Barclays Scandal: Libor

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From Amanda Chua, Financial Manager
To Sir David Walker, Chairman of Barclays Plc.
Date 24th February 2013
Subject Implication of The Recent Libor-Fixing Scandal for Barclays Bank

1. Executive Summary
* The London Interbank Offered Rate (Libor) is the average interest rate charged to banks for lending funds in the interbank market (Investopedia n.d.). * The UK Treasury reported that Libor is responsible for an estimated $300 trillion worth of financial transaction (BBC 2012). * Barclays’ traders submitted inappropriate rates upon derivative traders request (FSA 2012). * Barclays’ submitted inappropriate rates to prevent negative media attention (FSA 2012). * Barclays was fined £290 million for Libor scandal (Wilson 2012). * Former Chairman, CEO and COO resigned in July 2012 (BBC (B) 2013). * Barclays’ share prices fluctuated due to Libor Scandal (Fletcher 2012). * Pursuing profit maximization, Barclays inevitably exploited its stakeholders (MBA Knowledge Base n.d.). * Financial managers think solely for the purpose of profit maximization for the shareholders as it lose focus, carrying out unethical behaviors to gain short-term gratification. * Barclays is suggested to create shareholder value by combining a well-thought-of goal with focused financial planning that will deliver returns to shareholders but in an ethical manner that is acceptable by the society (Barclays Boss Lays Out Revival Plans, 2013). * Installation of more advanced surveillance devices further enforces plan as employees are monitored closely in efforts to control the wellbeing of the workers (Roland 2013). * Barclays is suggested to form a neutral ring-fenced rate-setting unit to monitor the rates submission (Daniels 2013).

2. Libor: Explained
The London Interbank Offered Rate (Libor) is the average interest rate charged to banks for lending funds in the interbank market (Investopedia n.d.). Major banks in London who are under BBA submit the rate they presume they will have to pay for borrowing funds from another bank to Thomson Reuters, who will then discard the four lowest and highest rates and use the remainders to calculate the average, resulting with the Libor rate (Kiff 2012). The importance of Libor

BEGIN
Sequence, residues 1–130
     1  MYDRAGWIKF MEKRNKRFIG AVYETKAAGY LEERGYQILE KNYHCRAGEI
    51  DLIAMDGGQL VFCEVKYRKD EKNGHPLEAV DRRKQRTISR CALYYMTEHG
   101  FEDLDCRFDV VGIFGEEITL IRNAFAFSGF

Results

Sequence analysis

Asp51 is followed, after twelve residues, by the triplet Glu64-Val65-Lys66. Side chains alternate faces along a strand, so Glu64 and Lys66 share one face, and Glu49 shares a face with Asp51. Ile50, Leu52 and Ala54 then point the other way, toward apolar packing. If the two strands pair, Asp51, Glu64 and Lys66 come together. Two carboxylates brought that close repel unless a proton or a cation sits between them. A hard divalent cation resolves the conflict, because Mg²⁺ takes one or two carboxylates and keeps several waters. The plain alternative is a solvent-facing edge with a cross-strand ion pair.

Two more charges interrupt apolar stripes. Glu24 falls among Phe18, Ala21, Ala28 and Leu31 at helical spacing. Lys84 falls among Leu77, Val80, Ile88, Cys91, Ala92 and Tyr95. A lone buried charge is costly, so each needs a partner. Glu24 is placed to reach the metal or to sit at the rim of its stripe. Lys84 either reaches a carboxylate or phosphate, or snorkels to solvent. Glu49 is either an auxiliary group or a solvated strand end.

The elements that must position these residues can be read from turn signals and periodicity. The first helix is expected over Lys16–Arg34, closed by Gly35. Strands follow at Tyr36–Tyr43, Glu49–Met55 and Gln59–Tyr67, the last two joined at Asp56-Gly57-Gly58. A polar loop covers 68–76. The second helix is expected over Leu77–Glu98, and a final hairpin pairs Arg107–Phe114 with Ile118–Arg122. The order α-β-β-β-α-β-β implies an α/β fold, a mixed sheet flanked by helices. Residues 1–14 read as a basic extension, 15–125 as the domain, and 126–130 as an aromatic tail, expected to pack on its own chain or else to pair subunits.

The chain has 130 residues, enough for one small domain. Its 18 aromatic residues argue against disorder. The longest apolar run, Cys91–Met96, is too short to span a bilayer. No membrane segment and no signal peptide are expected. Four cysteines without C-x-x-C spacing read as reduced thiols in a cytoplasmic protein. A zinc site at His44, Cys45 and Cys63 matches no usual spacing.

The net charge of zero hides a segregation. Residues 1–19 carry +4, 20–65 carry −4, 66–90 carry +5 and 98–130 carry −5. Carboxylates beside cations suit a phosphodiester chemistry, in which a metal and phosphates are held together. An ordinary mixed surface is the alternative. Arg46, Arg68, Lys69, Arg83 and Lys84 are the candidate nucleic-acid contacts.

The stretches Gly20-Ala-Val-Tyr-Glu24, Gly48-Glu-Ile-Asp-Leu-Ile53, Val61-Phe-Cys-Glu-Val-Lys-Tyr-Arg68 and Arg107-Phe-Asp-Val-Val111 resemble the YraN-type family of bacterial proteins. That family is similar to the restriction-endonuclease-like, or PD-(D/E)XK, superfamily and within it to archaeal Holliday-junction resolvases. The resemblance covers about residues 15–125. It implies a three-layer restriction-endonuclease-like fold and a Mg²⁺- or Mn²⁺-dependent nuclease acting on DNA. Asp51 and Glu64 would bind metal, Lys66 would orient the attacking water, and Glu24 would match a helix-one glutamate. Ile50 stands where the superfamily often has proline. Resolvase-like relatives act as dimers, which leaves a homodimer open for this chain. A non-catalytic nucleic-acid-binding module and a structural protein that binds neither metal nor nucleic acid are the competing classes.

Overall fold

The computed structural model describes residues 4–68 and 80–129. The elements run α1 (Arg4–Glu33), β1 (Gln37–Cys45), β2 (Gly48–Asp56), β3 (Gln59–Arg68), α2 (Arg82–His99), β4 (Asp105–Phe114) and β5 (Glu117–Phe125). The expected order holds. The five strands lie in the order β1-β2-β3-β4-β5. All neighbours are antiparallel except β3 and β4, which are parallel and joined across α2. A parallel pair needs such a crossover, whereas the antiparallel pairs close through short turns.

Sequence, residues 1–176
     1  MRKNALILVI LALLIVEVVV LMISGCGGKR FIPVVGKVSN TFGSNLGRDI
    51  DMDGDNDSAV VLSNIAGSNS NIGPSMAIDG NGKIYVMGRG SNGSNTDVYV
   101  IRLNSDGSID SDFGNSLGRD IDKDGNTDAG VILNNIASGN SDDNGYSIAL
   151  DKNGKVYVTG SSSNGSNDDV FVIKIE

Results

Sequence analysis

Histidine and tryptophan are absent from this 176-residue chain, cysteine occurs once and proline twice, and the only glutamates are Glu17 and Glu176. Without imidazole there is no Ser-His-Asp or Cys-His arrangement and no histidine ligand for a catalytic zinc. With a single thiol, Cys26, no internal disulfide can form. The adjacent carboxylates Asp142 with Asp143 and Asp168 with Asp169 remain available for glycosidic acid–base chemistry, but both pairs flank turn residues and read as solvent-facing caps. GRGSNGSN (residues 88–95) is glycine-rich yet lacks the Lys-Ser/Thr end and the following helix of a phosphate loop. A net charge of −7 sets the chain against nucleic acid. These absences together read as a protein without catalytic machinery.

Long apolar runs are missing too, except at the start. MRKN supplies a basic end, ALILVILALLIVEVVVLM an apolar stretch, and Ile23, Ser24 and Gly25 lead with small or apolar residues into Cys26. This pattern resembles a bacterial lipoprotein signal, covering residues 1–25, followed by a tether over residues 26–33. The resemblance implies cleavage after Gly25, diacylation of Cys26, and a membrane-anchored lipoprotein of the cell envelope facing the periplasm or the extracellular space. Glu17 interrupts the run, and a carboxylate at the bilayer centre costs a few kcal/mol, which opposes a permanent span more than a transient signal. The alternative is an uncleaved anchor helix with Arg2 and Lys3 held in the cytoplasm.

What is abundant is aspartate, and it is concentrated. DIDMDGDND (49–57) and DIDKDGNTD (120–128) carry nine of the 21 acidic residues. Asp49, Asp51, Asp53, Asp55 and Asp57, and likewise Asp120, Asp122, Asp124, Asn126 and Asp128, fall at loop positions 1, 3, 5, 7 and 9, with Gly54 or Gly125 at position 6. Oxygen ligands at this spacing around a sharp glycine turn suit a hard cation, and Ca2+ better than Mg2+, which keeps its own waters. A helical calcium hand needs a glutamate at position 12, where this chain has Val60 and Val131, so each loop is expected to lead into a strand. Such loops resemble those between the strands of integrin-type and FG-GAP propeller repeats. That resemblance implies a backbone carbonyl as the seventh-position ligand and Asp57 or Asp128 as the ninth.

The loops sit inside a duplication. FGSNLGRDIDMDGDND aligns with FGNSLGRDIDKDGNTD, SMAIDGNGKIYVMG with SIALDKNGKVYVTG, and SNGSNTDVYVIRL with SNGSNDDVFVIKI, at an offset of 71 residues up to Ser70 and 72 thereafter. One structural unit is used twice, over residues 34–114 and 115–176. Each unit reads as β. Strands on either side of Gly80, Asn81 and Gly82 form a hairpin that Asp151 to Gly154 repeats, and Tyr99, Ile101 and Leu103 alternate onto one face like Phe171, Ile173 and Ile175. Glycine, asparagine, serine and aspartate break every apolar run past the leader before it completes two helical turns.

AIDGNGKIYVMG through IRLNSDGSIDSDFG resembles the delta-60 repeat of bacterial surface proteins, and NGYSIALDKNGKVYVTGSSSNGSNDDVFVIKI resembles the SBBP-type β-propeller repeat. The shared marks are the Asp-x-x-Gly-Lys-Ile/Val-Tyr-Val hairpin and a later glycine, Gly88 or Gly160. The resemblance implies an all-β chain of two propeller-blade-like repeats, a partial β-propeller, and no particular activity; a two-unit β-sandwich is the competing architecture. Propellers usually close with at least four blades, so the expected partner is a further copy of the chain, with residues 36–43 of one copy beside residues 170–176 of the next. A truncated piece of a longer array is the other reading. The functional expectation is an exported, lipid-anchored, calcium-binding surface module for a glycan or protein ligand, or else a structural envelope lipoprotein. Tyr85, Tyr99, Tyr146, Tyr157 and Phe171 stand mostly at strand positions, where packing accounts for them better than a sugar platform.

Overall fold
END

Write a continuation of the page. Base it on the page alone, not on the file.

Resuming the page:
It is used as the benchmark for interest rates around the world (Surowiecki 2012). The UK Treasury reported that Libor is responsible for an estimated $300 trillion worth of financial transaction (BBC 2012) such as mortgages, corporate loans and derivatives (Surowiecki 2012). Also, Libor acts as a barometer for the welfare of the volatile global financial market (BBA n.d.).

3. Barclays’ mistakes
Employees at Barclays submitted lower than actual predicted rates to Thomson Reuters (Murray-West 2012). Why it was done
Derivative transactions made use of the Libor rate. Hence, the fluctuation of the rates would influence the profit gained for the traders (Surowiecki 2012). Both the traders and rate submitters cooperated through frequent interaction (Surowiecki 2012) as traders requested for lower rates because they would benefit by paying less for the interest charged on the derivatives. Barclays submitted lower rates to conceal the trouble state it faced during the 2008 credit crunch (Murray-West 2012) when initially their submitted rates were higher than other banks (Bischoff & McGagh 2013). Lower rates prove that banks intending to lend funds to Barclays were assertive of their financial health, because the less assurance a bank had for another, the higher the rate charges will be (Bischoff & McGagh 2013), and Barclays expressed the contrary to conceal their financial instability. It was said that Bob Diamond, then chief executive officer of Barclays, was contacted by Paul Tucker, the deputy governor of the bank, concerning the recurrent greater rates amongst other banks, which worried Diamond who conveyed the news to Jerry del Missier, then chief operating officer, who misinterpreted...
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